The riverfront is simply breathtaking. Though it’s quite cloudy, gloomy, the charm of the city – its hills, old facades, and tiny side streets – captivates the senses. It’s one of those places where it doesn’t matter if it’s sunny or cloudy, you can find beauty in both backdrops. The rest of the town may be sleepy on this Sunday morning, but the riverfront is slowly coming alive with tourists, street vendors, cafes, and boat tours. It seems that beyond the wine industry, tourism might be the only major economic lifeline to this once booming port town.
It’s late June yet it feels more like the first week of March – perfect weather for a light sweater, warm coffee in hand, and a walk along the riverfront. To our left is the fantastic Dom Luís I Bridge – a two-level steel bridge constructed by an associate of Gustave Eiffel. No wonder it resembles the famed symbol of Paris. We decide that we have to cross it. The bridge bounces with each passing car and we make it a point not to step off the small sidewalk into the street on our left or drop our cellphones into the river on our right. We can’t help but appreciate the views from the bridge and the lookout point from just across the other side.
We decide that this brief introduction to the city is enough for our first day in town. We have a long 1.5-mile, inclined walk back to our apartment. There, we’ll make a picnic on the patio with a $3 bottle of Portuguese wine and share stories from our last 8-days apart in Europe.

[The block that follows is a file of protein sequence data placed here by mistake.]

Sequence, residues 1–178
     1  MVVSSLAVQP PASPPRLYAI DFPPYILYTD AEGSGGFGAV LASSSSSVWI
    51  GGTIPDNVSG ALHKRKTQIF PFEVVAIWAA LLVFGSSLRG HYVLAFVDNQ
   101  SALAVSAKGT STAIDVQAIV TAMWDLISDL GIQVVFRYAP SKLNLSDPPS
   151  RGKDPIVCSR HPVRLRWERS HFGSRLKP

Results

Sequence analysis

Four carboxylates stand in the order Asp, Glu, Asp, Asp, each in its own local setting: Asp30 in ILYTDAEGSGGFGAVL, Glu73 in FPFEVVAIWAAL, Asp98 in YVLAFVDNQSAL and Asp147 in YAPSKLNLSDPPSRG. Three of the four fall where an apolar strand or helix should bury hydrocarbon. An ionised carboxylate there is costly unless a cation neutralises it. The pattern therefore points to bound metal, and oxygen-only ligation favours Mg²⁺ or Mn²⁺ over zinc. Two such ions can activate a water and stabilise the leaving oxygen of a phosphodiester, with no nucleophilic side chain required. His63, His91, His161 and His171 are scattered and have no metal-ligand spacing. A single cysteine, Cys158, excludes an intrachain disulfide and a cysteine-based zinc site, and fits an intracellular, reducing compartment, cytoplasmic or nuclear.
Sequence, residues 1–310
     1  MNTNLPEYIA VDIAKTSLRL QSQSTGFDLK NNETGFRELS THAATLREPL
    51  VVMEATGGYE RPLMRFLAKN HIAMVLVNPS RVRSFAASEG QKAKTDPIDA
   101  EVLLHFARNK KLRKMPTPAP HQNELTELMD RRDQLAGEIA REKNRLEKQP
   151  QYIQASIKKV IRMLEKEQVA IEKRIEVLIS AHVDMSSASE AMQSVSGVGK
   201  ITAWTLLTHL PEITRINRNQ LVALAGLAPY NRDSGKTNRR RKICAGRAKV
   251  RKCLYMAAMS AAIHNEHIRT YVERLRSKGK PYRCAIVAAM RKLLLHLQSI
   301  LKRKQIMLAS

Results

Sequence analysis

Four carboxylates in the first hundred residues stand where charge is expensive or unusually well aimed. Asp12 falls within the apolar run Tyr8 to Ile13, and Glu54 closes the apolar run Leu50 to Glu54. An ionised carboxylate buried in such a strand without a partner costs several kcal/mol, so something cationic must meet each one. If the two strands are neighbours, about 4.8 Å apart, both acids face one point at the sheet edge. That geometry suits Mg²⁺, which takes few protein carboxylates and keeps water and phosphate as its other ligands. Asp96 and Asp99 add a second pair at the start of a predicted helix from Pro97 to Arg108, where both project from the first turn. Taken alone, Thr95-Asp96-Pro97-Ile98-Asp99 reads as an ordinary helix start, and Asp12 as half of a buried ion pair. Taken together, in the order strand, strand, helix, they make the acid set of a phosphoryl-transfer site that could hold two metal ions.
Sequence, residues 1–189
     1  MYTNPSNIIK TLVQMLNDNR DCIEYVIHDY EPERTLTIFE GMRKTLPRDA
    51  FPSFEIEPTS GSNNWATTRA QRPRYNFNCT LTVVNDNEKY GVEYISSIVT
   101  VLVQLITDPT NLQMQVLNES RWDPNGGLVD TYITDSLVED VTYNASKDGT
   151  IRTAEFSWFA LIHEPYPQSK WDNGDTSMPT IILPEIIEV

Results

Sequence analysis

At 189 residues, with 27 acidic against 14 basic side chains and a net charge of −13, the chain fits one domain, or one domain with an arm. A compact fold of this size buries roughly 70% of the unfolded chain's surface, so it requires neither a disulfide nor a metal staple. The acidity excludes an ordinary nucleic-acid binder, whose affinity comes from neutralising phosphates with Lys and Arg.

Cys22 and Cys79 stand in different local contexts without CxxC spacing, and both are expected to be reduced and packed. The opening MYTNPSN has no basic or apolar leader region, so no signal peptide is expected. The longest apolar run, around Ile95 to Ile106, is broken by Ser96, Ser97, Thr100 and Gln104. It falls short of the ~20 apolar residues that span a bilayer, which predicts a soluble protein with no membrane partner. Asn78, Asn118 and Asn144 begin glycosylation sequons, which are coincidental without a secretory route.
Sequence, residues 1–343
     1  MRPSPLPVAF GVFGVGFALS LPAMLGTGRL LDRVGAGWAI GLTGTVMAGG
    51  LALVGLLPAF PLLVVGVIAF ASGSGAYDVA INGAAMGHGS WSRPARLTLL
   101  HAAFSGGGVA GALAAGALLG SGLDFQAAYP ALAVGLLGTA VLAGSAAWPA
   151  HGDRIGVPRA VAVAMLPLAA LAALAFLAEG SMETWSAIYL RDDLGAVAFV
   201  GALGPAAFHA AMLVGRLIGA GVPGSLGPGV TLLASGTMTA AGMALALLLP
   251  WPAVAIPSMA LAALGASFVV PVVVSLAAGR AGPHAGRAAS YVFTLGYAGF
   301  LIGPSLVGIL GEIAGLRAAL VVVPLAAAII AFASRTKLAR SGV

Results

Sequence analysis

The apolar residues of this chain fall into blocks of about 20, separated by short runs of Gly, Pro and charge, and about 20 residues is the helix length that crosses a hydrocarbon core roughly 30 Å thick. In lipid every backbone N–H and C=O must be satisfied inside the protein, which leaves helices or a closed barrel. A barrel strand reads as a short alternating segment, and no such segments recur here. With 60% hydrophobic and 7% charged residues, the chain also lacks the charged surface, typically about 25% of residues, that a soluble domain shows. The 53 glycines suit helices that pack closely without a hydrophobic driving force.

A Taste of Porto
Over the next few days, we decide to just explore the different areas of the city. It’s too cloudy, chilly, and windy to visit the beach. We’ll have time for that in Lisbon where it’s a bit warmer and forecasted to be sunny everyday. Instead, I walk out in the mornings to check out the local café scene and get some work done. But there aren’t too many cafes in the area. There are a handful of co-working spaces spread around town but that’s not how I roll. I prefer just a nice coffee shop and Wi-Fi. There are lots of cafes, more similar to diners, and they all have Wi-Fi. But they are filled with smoke. Everyone smokes here, indoors and out. I can only stand it for so long. Luckily my workload is light this week.
We make it a point to explore the regional foods and drinks while walking around to take in the sights. In the mornings, we eat Portuguese croissants (which are notably different from other parts of Europe). My wife tries the “pastel de nata” (similar to a Vietnamese egg tart) at the various cafes. She loves it but it’s not my thing. I prefer the croissants and black coffee – I never had a bad coffee in the entire 10 days in Portugal. I don’t know what they do to the beans or how they make it differently, but for less than 70 cents a cup, it’s arguably the best coffee I’ve had – and it was consistent at every café.
For lunch, we try the bufana and franchesina – popular local dishes in northern Portugal. The bufana becomes our lunch staple while the franchesina is simply too much for us. It’s like a grilled cheese sandwich with a slab of meat and a pound of sauce. At least, we tried it.